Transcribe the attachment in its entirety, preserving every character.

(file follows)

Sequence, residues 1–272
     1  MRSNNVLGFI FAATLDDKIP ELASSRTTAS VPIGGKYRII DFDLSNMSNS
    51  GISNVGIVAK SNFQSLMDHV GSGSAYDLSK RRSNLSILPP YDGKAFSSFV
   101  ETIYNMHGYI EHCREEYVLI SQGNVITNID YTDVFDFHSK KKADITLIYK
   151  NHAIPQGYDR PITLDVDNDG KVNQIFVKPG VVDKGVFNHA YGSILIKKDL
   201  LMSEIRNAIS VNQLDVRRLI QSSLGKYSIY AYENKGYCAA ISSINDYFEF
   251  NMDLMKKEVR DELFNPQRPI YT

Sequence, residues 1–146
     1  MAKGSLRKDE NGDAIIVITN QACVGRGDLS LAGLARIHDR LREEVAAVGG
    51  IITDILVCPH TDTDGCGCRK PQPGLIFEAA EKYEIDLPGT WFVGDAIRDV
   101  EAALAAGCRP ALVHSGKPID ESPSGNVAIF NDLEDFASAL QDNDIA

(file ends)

Sequence, residues 1–272
     1  MRSNNVLGFI FAATLDDKIP ELASSRTTAS VPIGGKYRII DFDLSNMSNS
    51  GISNVGIVAK SNFQSLMDHV GSGSAYDLSK RRSNLSILPP YDGKAFSSFV
   101  ETIYNMHGYI EHCREEYVLI SQGNVITNID YTDVFDFHSK KKADITLIYK
   151  NHAIPQGYDR PITLDVDNDG KVNQIFVKPG VVDKGVFNHA YGSILIKKDL
   201  LMSEIRNAIS VNQLDVRRLI QSSLGKYSIY AYENKGYCAA ISSINDYFEF
   251  NMDLMKKEVR DELFNPQRPI YT

Sequence, residues 1–146
     1  MAKGSLRKDE NGDAIIVITN QACVGRGDLS LAGLARIHDR LREEVAAVGG
    51  IITDILVCPH TDTDGCGCRK PQPGLIFEAA EKYEIDLPGT WFVGDAIRDV
   101  EAALAAGCRP ALVHSGKPID ESPSGNVAIF NDLEDFASAL QDNDIA